It’s been a year and a half since I heard my psychiatrist tell me I had MCI (Mild Cognitive Impairment). I remember feeling weak when I heard the words. My mind immediately raced into the future, envisioning a blank-faced, scraggly haired crone replacing ‘me.’ The next instant my thoughts returned to the present, doubting the diagnosis. For the most part, I felt I was functioning pretty well. Yet I couldn’t deny my frustrating symptoms of not being able to remember past events, missing appointments, repeating myself, getting lost in my small town while driving, losing my ability to retell stories and not remembering where I kept items in the kitchen.
For a number of weeks after the appointment, I debated with myself. Surely the diagnosis was wrong – an exaggeration. My children are totally overreacting. And while my husband Keith was more optimistic, trying to comfort me saying “its just normal aging” and “I forget things too”… I found myself arguing for the opposition—”It’s more than normal aging,” I’d say, hating the implications of my own words.
I often felt like a homeless squatter moving in and out of two different hemispheres of my ‘damaged mind’ as my thoughts jumped from belief to denial, justification to despair.
Of all the emotions I experienced, I was most surprised by my feelings of embarrassment and shame, which initially made me say I didn’t want anyone else to know about my diagnosis. Yet even while I said “don’t tell anyone” to my children and Keith, I knew I wouldn’t hold that position for long.
I have experienced the harm that can be done when people are unwilling to disclose conditions society has historically treated as taboo topics. Diagnoses that are only whispered—such as cancer, mental illness, and sexual conditions. This was true when Keith became impotent from prostate cancer at age 49. Keith’s condition was so devastating to our marriage we thought we wouldn’t be able to survive. It was then I looked for books written by couples who had gone through a similar situation. I wanted to know what people actually did to remain sexually active after sexual dysfunction. But there were no such books. As a writer I was appalled and vowed, If we ever get through this I’m going to tell our story. So others might not have to suffer as we have.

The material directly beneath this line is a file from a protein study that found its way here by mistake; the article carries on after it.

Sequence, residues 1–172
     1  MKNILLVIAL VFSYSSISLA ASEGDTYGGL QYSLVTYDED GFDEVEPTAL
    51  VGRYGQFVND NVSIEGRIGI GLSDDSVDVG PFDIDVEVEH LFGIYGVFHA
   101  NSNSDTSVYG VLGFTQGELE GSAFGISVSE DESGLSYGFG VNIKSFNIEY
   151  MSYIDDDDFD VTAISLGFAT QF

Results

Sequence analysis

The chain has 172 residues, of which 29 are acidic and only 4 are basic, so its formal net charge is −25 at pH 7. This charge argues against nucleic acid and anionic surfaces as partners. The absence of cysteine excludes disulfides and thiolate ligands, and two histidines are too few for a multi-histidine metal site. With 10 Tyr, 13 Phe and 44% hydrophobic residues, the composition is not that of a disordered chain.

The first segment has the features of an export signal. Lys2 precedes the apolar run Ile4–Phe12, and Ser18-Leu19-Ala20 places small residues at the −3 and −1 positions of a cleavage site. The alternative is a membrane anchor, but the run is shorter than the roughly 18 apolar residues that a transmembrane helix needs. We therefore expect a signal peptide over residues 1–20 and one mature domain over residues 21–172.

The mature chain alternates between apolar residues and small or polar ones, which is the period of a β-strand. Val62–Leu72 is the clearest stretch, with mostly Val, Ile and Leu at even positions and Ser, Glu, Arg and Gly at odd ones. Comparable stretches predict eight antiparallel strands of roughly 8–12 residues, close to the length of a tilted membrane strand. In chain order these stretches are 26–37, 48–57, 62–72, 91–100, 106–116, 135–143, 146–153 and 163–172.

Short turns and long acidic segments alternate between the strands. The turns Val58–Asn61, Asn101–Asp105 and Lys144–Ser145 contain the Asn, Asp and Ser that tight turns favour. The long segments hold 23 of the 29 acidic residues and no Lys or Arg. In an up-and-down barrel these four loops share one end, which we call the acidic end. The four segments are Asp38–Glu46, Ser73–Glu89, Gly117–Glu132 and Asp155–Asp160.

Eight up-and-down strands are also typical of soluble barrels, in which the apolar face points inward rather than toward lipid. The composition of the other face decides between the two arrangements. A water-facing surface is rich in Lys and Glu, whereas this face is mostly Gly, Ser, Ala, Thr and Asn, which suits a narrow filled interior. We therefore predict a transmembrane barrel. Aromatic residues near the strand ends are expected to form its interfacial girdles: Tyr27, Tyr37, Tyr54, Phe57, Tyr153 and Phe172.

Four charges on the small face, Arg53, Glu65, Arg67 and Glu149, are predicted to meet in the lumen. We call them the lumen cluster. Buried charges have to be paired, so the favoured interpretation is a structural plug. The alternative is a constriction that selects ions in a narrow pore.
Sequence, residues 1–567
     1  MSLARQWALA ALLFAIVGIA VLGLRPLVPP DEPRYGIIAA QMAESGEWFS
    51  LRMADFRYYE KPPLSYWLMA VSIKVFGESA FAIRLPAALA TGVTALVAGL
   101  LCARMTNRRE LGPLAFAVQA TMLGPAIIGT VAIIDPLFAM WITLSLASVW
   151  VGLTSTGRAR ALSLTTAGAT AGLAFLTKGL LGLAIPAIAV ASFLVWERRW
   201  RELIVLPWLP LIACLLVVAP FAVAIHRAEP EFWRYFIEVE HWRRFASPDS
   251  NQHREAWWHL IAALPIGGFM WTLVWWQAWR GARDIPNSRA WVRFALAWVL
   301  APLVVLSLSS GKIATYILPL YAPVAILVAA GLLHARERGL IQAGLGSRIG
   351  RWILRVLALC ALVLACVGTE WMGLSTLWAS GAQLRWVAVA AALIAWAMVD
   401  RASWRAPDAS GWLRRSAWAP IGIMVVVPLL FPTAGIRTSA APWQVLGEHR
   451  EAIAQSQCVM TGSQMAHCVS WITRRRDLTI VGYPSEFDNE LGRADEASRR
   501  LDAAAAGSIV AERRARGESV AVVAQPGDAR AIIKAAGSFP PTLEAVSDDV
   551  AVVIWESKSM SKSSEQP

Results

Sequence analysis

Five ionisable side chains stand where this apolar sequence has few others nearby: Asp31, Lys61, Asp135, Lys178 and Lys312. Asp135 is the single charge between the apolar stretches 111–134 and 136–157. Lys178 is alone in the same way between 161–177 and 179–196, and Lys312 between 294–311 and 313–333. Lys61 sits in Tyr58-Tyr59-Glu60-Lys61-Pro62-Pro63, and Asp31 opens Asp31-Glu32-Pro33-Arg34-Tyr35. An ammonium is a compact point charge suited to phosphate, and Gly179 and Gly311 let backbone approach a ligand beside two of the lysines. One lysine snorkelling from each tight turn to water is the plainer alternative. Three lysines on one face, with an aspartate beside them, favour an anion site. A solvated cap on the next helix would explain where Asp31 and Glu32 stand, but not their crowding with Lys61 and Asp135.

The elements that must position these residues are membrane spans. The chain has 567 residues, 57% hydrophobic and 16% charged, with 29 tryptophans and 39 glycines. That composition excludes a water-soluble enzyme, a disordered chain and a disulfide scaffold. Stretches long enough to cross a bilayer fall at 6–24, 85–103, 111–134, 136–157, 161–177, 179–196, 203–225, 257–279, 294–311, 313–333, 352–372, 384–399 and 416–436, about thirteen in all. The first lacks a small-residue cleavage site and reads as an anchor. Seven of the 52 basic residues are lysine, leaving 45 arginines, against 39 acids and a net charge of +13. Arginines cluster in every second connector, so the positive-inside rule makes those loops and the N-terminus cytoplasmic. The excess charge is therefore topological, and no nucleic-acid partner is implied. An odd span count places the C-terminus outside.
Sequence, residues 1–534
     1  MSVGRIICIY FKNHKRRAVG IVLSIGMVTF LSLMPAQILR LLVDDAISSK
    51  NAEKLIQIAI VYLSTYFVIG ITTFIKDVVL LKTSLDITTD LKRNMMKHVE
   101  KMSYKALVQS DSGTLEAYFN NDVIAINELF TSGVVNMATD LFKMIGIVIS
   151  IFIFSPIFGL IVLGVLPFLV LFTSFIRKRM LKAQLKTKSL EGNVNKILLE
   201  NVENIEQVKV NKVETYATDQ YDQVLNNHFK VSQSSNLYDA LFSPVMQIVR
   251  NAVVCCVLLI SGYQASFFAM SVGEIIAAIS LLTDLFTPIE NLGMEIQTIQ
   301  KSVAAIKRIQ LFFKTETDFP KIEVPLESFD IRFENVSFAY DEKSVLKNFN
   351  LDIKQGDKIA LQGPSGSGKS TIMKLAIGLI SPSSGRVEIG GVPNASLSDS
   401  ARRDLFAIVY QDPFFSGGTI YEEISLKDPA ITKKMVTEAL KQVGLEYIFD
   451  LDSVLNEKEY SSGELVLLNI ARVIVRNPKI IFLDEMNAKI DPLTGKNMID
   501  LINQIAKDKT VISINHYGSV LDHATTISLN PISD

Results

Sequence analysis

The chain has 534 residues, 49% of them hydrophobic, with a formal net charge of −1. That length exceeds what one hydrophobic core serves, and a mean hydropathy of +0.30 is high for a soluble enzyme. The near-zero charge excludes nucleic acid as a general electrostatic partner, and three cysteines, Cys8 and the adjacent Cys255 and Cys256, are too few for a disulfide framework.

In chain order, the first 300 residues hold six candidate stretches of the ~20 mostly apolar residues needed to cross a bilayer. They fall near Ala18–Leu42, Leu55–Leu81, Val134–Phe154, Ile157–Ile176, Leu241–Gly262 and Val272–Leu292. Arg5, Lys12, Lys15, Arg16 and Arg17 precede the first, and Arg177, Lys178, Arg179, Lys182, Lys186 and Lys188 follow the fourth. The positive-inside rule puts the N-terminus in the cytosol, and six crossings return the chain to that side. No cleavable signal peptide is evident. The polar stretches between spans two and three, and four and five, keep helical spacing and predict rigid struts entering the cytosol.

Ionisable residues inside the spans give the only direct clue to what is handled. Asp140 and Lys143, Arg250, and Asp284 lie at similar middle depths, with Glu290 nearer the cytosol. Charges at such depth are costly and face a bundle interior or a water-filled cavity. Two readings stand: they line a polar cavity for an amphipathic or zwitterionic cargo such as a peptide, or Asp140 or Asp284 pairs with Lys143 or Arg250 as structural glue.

In 2002 our book Making Love Again, Hope For Couples Facing Loss of Sexual Intimacy, was published. Since then we have heard from scores of couples who have said our story has inspired them to try again, to seek help, and not give up. Couples consistently thank us for having the courage to speak openly and honestly. We always respond: It wasn’t courage that inspired us to tell our story. It was the desire to help other couples who are dealing with sexual dysfunction, to gain the courage to reframe and regain their intimacy.
It is because of this experience I knew I wouldn’t keep silent for too long regarding MCI. But still, for a number of weeks I hesitated. I didn’t want to be pitied or treated as a invalid or a person who had ‘lost their mind.’ But I’m gotten past that. I now share my diagnosis without shame and usually give a short explanation as to how I’ve been affected…short term memory, some word loss, have given up driving, BUT I can still carry on a conversation, often quite intelligently, and I can still write. As to embarrassment—well, I figure if I do something others think is embarrassing, that’s their issue, because I can’t really help it (and for the most part I am totally unaware of the embarrassment anyway).
In addition, as you already know if you are reading this post, I’m blogging about my experience. My hope is that my essays will provide hope and encouragement to others who are experiencing this condition, as well as comfort and assurance that life can continue to be joyful. Perhaps family members will benefit from reading my story. Additionally the medical community might benefit by my documenting my journey. If nothing else, they will know a little bit more about one person’s experience of the physical and emotional experience of memory loss.
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